Accusing Republicans of “dismantling Medicare as we know it,” President Clinton on Friday said he would veto the GOP proposal to revamp the system to produce $270 billion in savings over seven years.
Speaking to senior citizen activists invited to the White House to hear the veto threat, Clinton said the Medicare proposals, plus the $180 billion cut in Medicaid benefits for the poor, would impose severe hardships and were unacceptable.
“If these health care cuts come to my desk, of this size, I would have no choice but to veto them,” he said.
Clinton has proposed smaller Medicare and Medicaid savings in his budgets this year and last year in his health care proposal. But because the White House is just beginning the highly partisan and sensitive battle over Medicare, the president has taken a hard public stance, for the first time Friday issuing a veto threat over the budget reconciliation legislation that will contain the Medicare and Medicaid proposals.
The House plan, like the evolving plan in the Senate, would allow beneficiaries to shift from the traditional fee-for-service system to health maintenance organizations, medical savings accounts and other private programs as a means of reducing costs. It would make large cuts in payments to hospitals and doctors as well as force wealthier seniors to pay considerably higher premiums.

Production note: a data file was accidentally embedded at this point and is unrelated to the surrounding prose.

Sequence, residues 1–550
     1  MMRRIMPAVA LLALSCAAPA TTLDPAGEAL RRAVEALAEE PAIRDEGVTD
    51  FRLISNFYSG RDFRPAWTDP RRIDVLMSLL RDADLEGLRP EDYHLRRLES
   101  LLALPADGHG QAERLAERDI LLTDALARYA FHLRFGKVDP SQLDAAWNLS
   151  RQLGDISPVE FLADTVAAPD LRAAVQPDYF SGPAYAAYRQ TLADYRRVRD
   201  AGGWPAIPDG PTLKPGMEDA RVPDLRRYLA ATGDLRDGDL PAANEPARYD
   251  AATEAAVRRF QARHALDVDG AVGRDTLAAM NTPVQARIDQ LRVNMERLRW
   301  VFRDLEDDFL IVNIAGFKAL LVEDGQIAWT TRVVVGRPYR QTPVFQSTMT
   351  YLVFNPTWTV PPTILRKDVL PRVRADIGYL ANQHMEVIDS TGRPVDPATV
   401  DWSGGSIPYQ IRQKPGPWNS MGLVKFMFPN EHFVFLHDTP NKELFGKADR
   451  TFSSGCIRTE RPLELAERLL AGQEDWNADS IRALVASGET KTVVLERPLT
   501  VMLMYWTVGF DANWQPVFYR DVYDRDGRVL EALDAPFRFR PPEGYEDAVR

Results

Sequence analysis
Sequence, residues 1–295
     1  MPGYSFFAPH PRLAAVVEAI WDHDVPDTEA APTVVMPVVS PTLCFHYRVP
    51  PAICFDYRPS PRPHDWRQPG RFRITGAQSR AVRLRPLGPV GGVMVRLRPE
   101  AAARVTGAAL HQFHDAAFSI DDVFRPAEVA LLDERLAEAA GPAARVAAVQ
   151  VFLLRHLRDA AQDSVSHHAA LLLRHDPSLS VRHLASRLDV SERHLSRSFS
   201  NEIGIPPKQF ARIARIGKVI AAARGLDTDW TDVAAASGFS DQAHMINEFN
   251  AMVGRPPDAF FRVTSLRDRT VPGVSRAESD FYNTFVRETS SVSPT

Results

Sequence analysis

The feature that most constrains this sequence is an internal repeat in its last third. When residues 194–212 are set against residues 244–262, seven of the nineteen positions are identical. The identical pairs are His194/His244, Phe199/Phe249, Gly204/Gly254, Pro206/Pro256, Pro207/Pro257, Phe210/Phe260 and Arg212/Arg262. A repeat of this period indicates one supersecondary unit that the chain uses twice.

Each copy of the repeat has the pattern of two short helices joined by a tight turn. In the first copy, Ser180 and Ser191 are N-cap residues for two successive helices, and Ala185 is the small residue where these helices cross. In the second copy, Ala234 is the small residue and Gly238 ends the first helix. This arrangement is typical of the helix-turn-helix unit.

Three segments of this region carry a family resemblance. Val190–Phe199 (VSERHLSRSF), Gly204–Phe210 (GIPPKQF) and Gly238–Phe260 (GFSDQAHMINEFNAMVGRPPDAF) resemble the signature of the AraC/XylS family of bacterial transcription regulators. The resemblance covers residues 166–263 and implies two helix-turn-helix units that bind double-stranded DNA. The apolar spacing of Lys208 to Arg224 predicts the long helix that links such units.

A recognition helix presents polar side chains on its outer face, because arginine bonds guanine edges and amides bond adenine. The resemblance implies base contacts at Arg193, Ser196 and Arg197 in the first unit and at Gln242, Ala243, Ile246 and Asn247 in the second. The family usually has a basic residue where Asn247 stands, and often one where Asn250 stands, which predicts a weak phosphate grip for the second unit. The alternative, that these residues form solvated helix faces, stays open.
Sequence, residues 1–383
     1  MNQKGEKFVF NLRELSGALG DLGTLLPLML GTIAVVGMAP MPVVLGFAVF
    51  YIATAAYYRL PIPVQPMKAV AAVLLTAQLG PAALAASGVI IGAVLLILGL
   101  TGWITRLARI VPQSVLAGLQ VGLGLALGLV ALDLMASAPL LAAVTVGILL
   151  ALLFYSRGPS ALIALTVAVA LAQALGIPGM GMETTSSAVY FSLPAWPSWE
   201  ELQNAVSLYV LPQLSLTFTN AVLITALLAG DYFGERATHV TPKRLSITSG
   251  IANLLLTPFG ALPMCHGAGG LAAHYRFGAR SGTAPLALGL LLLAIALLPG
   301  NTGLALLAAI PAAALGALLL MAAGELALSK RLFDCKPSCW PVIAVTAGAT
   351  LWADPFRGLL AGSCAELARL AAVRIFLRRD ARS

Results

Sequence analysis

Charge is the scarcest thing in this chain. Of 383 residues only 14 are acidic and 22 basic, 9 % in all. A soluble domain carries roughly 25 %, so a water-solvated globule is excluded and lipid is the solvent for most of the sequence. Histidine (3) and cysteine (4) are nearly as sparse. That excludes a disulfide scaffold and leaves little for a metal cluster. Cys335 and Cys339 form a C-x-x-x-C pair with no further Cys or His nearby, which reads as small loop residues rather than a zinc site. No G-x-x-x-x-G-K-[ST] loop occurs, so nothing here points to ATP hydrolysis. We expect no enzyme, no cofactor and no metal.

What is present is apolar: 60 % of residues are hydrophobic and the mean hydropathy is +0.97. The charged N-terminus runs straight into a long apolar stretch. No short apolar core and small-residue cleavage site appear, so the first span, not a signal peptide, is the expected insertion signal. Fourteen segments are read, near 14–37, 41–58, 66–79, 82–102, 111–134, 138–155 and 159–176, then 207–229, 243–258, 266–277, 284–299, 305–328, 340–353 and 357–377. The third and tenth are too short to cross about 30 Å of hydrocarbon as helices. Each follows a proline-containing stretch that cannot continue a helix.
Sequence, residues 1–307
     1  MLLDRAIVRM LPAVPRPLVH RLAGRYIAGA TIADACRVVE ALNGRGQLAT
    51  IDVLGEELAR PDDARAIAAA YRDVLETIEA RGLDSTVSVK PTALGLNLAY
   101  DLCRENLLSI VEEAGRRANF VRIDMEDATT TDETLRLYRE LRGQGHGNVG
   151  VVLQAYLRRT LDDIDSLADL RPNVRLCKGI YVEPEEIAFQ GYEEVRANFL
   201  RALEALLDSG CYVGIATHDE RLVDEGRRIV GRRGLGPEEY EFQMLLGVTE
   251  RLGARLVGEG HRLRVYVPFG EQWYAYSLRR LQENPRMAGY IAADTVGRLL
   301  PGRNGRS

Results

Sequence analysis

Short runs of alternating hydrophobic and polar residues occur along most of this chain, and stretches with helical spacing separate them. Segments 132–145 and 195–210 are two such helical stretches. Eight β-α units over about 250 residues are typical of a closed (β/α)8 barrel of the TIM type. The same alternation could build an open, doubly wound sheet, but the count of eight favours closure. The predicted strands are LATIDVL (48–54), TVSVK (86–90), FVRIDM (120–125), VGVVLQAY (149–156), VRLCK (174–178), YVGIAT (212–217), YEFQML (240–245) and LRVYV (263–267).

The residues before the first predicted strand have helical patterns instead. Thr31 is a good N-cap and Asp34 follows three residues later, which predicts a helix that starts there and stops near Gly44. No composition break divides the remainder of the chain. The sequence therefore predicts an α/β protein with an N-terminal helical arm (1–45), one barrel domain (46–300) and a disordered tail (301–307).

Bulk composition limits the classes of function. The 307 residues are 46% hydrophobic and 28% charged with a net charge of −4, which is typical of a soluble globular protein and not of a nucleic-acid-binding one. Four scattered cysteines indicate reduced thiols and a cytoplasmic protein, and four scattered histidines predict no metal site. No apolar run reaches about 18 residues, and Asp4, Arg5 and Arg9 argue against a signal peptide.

House Speaker Newt Gingrich, R-Ga., speaking even before Clinton issued his formal veto threat, said it was in Clinton’s political interest to sign the budget and tax legislation known as reconciliation along with its provisions overhauling welfare and Medicare - and that he expected him to do so.
“The president understands that Truman’s battle cry was “a do-nothing Congress,’ not “a do-nothing president,”’ Gingrich told a breakfast gathering of reporters. “It is far more rational for him to move to the center and work with us than be the last defender of the old order.”
Later, during a satellite television town meeting, Gingrich appeared with Texas billionaire Ross Perot, and continued the House Republicans’ effort to persuade the public that changes are necessary to save the Medicare system. Each repeated the now-familiar warning from Medicare trustees that the system will go broke in seven years if nothing is done.
The Clinton administration accepts that the Medicare trust fund must be subject to cost controls to preserve financial stability. But they argue GOP Medicare plans are aimed as much at providing savings to be used to pay for a tax cut for the well-off as they are for restoring Medicare’s financial security.
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